14ymedio, Yunior Garcia Aguilera, Madrid, August 16, 2022 — Does the Cuban revolution still exist? For some it ended at the exact moment Fidel Castro delared it to be Marxist. In the pages of Bohemia years earlier he had accused Fulgencio Batista of being the communists’ candidate in the 1940 election, of being photographed with Blas Roca and Lazaro Peña. Socialists writing for New York’s Daily Worker criticized the assault on the Moncada Barracks, characterizing it as a fool-hardy adventure, a provocation, a putsch. Even a far-left Chilean journalist claimed the events of July 26 had been organized by the CIA.
In his biography, History Will Absolve Me, Fidel makes no mention of Marxism. In interviews with journalist Herbert Matthews in the Sierra Maestra, he would deny that Marxist ideas played any role in his movement. And after taking power in 1959, he would again swear before the press and the entire world, in Spanish and in English, that he categorically rejected communism. To associate him with that ideology, he said, was “a smear campaign.”
But Eisenhower’s less-than-polite welcome during Castro’s visit to the United States would motivate Khrushchev to send an emissary. The revolution’s red shift was not borne of conviction, much less of popular demand. It was the result of a bruised ego. It was also the pragmatic solution of a street fighter. If he was going to take on the neighborhood bully, he had to join forces with another bully of the same weight and size as that of his enemy.
In December 1961 Fidel Castro not only betrayed all his democratic promises, he also killed off his “green as the palm trees” experiment, turning it into something else.
Thus began another revolution, one that aroused the sympathy of many leftist intellectuals, who saw in it the chance to cleanse socialism of its Stalinist stain. “It will be different in Cuba,” they claimed. Their enthusiasm would wane in 1968, however, when the bearded lover exposed his hairy chest. The Revolutionary Offensive to nationalize all of Cuba’s remaining small businesses was irrational and extremist. Censorship of poets was rampant. Che died disheveled and alone in a Bolivia that he neither knew nor cared about. Fidel supported Soviet tanks’ rolling into Prague. That year marked the end of another revolution: the romantic one.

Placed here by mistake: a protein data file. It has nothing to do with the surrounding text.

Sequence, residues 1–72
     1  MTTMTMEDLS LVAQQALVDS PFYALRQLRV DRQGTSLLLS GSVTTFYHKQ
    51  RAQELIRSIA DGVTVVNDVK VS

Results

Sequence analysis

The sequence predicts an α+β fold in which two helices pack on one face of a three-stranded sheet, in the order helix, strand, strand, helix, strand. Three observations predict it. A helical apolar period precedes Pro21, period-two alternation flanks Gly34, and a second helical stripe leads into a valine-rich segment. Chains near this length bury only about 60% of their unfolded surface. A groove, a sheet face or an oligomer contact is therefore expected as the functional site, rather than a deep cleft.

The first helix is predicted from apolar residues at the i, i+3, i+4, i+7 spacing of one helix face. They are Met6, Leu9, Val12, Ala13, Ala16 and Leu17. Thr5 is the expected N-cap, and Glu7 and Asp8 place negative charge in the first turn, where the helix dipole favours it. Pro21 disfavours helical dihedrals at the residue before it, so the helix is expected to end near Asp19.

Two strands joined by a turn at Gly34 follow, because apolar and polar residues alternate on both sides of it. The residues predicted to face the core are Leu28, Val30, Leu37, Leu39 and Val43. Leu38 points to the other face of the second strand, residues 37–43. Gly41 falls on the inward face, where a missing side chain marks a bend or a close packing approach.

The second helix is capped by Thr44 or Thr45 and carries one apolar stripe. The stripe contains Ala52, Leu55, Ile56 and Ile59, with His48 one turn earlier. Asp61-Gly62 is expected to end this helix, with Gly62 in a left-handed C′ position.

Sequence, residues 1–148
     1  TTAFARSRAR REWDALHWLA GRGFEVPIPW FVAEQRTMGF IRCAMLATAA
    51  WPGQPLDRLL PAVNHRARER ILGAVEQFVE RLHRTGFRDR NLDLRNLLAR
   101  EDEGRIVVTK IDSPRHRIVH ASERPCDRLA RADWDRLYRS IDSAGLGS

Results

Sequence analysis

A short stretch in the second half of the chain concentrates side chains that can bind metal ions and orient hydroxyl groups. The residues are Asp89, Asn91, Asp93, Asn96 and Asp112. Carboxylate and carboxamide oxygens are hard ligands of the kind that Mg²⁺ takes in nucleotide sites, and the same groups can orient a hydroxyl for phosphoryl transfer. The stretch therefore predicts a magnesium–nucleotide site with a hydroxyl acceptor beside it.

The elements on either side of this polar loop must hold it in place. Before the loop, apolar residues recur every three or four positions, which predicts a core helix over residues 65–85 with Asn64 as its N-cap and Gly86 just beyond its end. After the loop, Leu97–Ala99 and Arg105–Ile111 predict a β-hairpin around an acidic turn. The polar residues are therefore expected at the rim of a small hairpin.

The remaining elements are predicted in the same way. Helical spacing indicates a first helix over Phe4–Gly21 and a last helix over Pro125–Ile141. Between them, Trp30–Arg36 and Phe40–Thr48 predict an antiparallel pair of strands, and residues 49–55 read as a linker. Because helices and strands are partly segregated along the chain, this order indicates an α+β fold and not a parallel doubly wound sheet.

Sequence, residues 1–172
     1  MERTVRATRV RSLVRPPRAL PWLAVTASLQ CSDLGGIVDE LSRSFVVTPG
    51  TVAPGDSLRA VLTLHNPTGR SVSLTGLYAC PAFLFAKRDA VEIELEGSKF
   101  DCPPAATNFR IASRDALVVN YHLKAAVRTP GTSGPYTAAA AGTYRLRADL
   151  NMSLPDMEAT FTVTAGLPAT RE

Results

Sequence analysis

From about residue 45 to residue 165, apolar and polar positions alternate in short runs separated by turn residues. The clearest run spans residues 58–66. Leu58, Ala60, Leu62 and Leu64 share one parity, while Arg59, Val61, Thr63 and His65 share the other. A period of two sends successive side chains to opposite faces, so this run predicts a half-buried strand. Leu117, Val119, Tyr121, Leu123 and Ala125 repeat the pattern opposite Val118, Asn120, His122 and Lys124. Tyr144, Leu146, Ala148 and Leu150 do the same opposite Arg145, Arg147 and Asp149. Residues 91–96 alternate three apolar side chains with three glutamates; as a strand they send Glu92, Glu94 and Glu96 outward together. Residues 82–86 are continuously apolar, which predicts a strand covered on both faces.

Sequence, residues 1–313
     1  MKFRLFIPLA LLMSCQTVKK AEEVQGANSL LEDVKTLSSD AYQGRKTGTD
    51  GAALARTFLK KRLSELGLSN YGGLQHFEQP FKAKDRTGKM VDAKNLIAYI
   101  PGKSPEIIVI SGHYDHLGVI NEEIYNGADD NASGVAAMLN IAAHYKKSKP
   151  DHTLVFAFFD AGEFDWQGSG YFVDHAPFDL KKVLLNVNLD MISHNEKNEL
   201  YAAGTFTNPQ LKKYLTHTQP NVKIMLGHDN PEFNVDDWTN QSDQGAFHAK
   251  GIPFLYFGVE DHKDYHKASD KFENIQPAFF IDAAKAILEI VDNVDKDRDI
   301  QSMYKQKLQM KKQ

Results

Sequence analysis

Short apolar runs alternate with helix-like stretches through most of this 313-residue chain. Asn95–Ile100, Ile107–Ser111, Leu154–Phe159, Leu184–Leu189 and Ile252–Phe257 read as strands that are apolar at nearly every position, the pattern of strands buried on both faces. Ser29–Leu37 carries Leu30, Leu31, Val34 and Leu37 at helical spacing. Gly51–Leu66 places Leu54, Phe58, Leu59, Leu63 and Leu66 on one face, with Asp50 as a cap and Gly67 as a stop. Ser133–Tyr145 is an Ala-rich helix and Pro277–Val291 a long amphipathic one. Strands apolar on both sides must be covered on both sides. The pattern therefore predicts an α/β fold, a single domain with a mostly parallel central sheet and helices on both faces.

A new constitution in 1976, a carbon copy of the bureaucratic Eastern European model, consolidated the state. Cuba had officially become a satellite, with the constitutional text itself serving as the marriage contract. The rhetoric and liturgy of the Leninist creed reached their climax in a country that, just a few years earlier, did not know how to say tovarisch (comrade) or spasiva (thank you).
Seemingly solidified, the regime managed to survive the 1980 Mariel crisis but would again be in mortal decline by the end of the decade. Perestroika and glasnost had supporters among the population but the nation’s leaders were not about to give up even a millimeter of their absolute control. The firing-squad execution of General Ochoa, a Hero of the Republic, along with three other officials sent a loud and clear warning. Not long after, General Abrahantes, a former interior minister and head of Fidel’s security detail, died in prison. As far as the Cuban public and the world at-large were concerned, it all had something to do with drugs. For reformist factions within the palace, it was an ultimatum.
So began the fifth life of a cat named Revolution. Like a feline on a hot tin roof, tired and bleary, it had to survive. People took to the streets for the first time to challenge the regime. They later took to the seas on anything that would float. After the economy hit bottom, strategists revived Bastista’s dream of filling the country with hotels. There was no miracle capable of multiplying the loaves and the fishes. Only the problems and the prostitutes multiplied.
A new feline life-cycle began when Castro took off his uniform and put on a suit to receive the pope. With Chavez, Evo, Correa and Kirchner in power, it was a new period of optimism: the Pink Tide. The cat thought it would live forever.
But death brought an end to that period too. Four years after Fidel turned to dust, his name lives on in that of a new dynasty. Except that New Man turned out to be just as clumsy as the Golem in Jorge Luis Borges’ poem. And today, lying in literal darkness, the cat counts out its days.
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